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Nokia lodges protest against tax authorities

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Nokia said that it has not received any official information on the potential tax claims, and thus far has only seen wildly varying claims from anonymous officials via the media.
Nokia said that it has not received any official information on the potential tax claims, and thus far has only seen wildly varying claims from anonymous officials via the media.

Nokia on Tuesday filed letters of objection in India protesting against the actions taken by the Income-Tax authorities at Chennai on grounds that it ran counter to the domestic laws of India and international standards.

Finnish handset maker Nokia on Tuesday filed letters of objection in India protesting against the actions taken by the Income Tax authorities at Chennai.

The company said the actions of the tax authorities ran counter to the domestic laws of India and international standards.

“Nokia believes the actions of the Income Tax authorities in Chennai are excessive, unacceptable and inconsistent with Indian standards of fair play and governance. Specifically, in tax investigations like this, local standards would prohibit government officials from entering the factory premises and Nokia IT systems without valid authorisation and questioning individual employees for intolerably long periods of time, even after they have fully cooperated with the authorities," Nokia said in a statement

Nokia said that it has not received any official information on the potential tax claims, and thus far has only seen wildly varying claims from anonymous officials via the media. “We do not see any merit in any of the claims, and are ready to defend ourselves vigorously,” the handset maker said. This is the first time that Nokia has issued a statement on the issue.

The issue is that any royalty payment made against supply of software by the parent company attracts a 10 per cent tax deduction. According to the I-T Department, Nokia India did not pay this tax since its plant went on stream in 2006.

Nokia said that it is in full compliance with local laws as well as the bilaterally negotiated tax treaty between the Governments of India and Finland, as far as withholding tax on supply of operating software is concerned. Nokia has filed the protest letters with four tax officials, including the Director General of Income Tax (Investigation), Tamil Nadu.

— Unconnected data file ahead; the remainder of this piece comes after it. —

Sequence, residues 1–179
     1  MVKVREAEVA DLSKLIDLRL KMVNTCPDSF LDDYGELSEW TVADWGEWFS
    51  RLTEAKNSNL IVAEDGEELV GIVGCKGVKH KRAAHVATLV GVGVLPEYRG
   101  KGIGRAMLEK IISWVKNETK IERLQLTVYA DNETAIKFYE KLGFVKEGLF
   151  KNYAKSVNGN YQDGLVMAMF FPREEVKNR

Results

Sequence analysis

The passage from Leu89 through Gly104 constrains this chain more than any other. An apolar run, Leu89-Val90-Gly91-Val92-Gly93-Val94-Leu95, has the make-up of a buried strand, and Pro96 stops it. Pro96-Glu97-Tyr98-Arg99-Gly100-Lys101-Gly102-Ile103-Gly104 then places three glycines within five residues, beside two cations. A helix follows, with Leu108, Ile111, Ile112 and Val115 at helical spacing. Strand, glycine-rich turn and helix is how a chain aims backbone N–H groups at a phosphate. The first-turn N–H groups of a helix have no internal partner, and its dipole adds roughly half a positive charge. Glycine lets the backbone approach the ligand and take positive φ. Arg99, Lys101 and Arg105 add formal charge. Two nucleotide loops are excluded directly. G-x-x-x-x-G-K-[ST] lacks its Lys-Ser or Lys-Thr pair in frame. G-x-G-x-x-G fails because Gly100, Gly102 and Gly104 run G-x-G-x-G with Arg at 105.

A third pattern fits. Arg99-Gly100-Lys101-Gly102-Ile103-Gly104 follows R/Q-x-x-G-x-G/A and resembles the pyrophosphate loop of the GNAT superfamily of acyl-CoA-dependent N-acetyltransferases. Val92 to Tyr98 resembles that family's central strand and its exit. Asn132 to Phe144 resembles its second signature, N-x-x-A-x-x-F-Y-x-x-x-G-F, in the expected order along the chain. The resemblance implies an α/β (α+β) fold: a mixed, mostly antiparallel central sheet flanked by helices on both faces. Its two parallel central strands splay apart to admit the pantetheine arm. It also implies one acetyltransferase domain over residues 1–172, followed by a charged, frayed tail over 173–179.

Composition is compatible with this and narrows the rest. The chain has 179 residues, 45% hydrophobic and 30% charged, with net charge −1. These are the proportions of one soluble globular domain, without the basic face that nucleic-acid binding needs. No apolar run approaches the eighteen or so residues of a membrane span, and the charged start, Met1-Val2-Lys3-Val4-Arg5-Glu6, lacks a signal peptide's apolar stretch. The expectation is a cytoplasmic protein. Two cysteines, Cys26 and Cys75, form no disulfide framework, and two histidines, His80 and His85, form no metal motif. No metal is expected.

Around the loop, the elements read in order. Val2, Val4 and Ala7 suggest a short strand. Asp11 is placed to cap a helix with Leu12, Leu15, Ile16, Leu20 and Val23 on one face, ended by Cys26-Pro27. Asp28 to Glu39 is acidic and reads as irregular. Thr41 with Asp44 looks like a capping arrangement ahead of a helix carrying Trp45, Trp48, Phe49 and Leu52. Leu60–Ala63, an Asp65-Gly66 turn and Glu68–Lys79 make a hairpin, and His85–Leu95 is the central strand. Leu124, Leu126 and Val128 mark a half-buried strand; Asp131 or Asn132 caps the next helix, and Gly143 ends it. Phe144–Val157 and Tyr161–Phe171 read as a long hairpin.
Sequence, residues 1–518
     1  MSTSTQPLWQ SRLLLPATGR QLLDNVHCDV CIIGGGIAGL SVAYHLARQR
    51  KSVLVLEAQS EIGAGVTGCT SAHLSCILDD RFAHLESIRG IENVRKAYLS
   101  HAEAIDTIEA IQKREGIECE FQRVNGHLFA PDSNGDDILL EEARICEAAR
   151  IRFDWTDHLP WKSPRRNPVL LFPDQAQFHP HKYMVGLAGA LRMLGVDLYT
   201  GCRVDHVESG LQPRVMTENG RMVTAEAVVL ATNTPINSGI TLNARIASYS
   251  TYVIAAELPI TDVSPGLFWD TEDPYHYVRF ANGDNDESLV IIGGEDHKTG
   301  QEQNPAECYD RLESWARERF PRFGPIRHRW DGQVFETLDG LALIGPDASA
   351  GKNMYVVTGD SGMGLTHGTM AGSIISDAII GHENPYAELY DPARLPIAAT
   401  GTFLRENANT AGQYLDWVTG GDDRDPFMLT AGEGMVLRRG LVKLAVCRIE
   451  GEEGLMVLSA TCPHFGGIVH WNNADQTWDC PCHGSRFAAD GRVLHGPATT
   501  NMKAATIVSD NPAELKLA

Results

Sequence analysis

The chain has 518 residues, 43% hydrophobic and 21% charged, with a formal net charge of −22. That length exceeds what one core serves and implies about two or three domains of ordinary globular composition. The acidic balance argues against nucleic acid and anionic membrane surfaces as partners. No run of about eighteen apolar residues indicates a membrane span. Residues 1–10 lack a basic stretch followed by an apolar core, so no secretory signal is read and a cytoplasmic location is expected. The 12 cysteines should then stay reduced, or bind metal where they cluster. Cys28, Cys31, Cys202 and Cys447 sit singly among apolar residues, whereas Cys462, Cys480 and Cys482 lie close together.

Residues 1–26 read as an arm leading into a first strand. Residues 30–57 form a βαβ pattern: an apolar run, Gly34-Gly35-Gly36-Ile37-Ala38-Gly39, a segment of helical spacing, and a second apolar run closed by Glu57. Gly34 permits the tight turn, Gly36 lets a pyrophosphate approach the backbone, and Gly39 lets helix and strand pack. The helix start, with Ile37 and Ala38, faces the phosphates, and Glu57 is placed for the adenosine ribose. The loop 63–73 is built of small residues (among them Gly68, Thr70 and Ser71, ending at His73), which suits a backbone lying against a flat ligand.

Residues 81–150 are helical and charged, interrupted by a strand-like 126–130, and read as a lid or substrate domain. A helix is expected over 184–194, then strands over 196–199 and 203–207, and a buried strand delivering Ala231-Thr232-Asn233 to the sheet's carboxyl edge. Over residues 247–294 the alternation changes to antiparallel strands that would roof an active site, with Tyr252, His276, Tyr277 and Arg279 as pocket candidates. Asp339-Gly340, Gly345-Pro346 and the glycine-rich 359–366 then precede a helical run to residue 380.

Dept to reply

Reacting to Nokia's protest note, a senior official of the Income Tax Department's investigation team on condition of anonymity said that Section 131 of the Income Tax Act gives power to IT officials to search a person’s home, office or any other place whenever required for IT evasion. “We will give a reply to Nokia's protest tomorrow," the official said.

The Central Forensic Science Department, Hyderabad, recently did a survey of the Nokia's systems to find out how they are downloading the software. The report given by its director corroborated the stand taken by the I-T Department, said the official who is part of the investigation team but not authorised to speak to the media.

Thomas.thomas@thehindu.co.in

raja.simhan@thehindu.co.in

(This article was published on February 12, 2013)
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Comments:

This is all Mr. Fraud's ways to cover up the treasury. He has initiated
this on multiple MNCs in India. If we don't know who is Mr. Fraud, pls
check out who had a fraudulent victory in elections in Tamil Nadu. Now
this fellow is our finance minister.

from:  Nandu
Posted on: Feb 13, 2013 at 09:22 IST
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